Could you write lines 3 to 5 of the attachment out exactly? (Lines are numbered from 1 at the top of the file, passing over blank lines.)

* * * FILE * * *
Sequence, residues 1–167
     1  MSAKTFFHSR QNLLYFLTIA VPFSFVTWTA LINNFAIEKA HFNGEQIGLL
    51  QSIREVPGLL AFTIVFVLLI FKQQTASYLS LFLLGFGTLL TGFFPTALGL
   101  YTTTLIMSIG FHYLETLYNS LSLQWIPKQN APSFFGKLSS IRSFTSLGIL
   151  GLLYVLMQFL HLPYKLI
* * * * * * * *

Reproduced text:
    51  QSIREVPGLL AFTIVFVLLI FKQQTASYLS LFLLGFGTLL TGFFPTALGL
   101  YTTTLIMSIG FHYLETLYNS LSLQWIPKQN APSFFGKLSS IRSFTSLGIL
   151  GLLYVLMQFL HLPYKLI